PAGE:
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Inside The NHL

A passel of rookies did big things during the first round of the

At no time in recent memory have rookies played such integral
roles in Round 1 of the playoffs as this year. This season's crop
of first-year players may not yield an individual performance as
prolific as that of current Coyotes center Jeremy Roenick, who
had 18 points in 20 games as a rookie with the Blackhawks in
1990, but newcomers contributed in spectacular fashion last week.

Flyers rookie center Simon Gagne scored the game-winning goal on
a backhander in a 3-2 victory over the Sabres in Game 1 and added
another goal and three assists as the Flyers won the series in
five games. Meanwhile, Philly goaltender Brian Boucher stopped
.935 of the shots he faced to become the first rookie netminder
to win a playoff round since Martin Brodeur led the Devils to the
Eastern Conference finals in 1994.

Rookies also helped New Jersey beat the Panthers. In Game 1 of
the Devils' sweep, center Scott Gomez, the Calder Trophy
favorite, scored an unassisted game-winner. In a 2-1 victory in
Game 2, center John Madden assisted on both goals, the first
coming after he boldly burst down the left wing with New Jersey
skating two men down. In Game 3, a blistering third-period slap
shot from rookie defenseman Brian Rafalski gave the Devils a 2-1
lead they would not relinquish. "Part of me was thinking, This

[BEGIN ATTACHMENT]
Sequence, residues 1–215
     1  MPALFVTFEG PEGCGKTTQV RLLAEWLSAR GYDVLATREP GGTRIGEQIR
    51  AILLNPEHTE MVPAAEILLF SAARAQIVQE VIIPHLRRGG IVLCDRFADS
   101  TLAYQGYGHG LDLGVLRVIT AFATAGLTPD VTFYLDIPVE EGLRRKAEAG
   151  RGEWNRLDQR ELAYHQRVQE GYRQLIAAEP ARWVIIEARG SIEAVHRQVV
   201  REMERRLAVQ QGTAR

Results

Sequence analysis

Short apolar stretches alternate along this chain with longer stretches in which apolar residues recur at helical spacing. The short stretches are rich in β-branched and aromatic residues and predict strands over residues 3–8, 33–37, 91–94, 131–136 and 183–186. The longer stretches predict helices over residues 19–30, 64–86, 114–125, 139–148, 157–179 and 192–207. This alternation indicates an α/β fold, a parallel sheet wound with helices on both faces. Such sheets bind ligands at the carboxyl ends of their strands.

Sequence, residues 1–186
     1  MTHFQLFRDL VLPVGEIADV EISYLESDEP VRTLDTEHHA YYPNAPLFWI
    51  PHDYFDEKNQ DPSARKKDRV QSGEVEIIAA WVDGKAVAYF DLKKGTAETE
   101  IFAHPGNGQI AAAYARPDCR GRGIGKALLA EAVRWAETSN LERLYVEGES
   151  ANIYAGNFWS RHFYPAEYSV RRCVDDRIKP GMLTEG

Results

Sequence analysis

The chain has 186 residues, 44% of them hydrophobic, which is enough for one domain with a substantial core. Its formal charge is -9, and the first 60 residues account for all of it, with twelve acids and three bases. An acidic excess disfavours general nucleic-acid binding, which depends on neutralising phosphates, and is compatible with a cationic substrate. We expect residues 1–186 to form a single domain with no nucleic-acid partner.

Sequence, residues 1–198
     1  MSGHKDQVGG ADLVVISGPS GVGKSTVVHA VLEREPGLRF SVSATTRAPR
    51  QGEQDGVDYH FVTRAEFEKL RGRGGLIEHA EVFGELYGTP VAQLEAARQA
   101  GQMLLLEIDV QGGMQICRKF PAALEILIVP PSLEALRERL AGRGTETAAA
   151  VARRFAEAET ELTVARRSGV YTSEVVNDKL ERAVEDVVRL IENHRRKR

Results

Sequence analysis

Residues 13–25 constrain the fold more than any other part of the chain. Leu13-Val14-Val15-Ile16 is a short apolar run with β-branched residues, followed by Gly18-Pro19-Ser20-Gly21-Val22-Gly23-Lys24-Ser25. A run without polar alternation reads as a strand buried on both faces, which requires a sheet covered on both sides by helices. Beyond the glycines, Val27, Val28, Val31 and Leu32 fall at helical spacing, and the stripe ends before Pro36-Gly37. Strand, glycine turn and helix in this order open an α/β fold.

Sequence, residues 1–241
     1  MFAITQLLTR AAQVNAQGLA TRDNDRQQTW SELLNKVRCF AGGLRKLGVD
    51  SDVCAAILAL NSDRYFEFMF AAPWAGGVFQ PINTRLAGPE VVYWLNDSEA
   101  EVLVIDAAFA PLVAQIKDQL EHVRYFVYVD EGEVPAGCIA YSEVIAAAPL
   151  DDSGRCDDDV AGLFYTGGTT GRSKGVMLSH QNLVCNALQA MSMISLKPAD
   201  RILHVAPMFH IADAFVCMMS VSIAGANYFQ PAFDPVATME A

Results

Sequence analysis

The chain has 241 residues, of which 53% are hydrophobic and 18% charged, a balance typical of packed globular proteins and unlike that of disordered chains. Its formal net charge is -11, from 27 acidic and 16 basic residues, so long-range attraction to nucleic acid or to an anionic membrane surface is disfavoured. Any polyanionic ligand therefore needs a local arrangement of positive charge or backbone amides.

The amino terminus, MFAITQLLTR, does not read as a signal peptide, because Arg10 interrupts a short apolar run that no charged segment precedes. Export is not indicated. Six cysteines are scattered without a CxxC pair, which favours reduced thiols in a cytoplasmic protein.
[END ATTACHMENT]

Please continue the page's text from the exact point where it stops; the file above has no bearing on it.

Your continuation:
is for the Stanley Cup, so don't screw up," Madden says of his
first postseason action, "but then instincts take over."

The Avalanche was aided in its five-game defeat of the Coyotes
last week by rookie left wing Alex Tanguay, who says, "My legs
were a little shaky for the first few shifts." Nonetheless, he
calmly converted a rebound in Colorado's 6-3 victory in Game 1,
and he snapped home another goal in the Avalanche's 3-1 win in
Game 2. For the Blues, who through Sunday were tied with the
Sharks at three games apiece, rookie center Jochen Hecht was the
leading scorer, with 10 points.

Even the Capitals, who were upset in five games by the Penguins,
could at least be happy about the dazzling play of rookie center
Jeff Halpern, who scored a third-period goal to snap a 2-2 tie in
Washington's win in Game 4. Afterward coach Ron Wilson said, "Our
future lies with people like Jeff Halpern."

He was referring to the Capitals' future, but Wilson could have
been speaking about the NHL as a whole.

Pay-Per-View Games

When the Canadian government's plan to aid the country's
financially struggling NHL teams earlier this year was shot down
in the face of public outcry, those clubs began looking for new
ways to create revenue. One potential windfall was created
recently when the Canucks, the Flames and the Oilers filed for
licenses to air games on pay-per-view TV. The filing was
spearheaded by the Canucks, who in a trial run four years ago
sold four regular-season games at $9.95 Canadian (about $7 U.S.)
a pop, generating roughly $40,000 Canadian per match.

Currently, about 95% of the three teams' games are available on
broadcast or cable TV, but a portion of those could go to
pay-per-view as early as the 2001-02 season. David Cobb,
president of Orca Bay Sports & Entertainment, which owns the
Canucks, anticipates charging up to $12 Canadian (roughly $8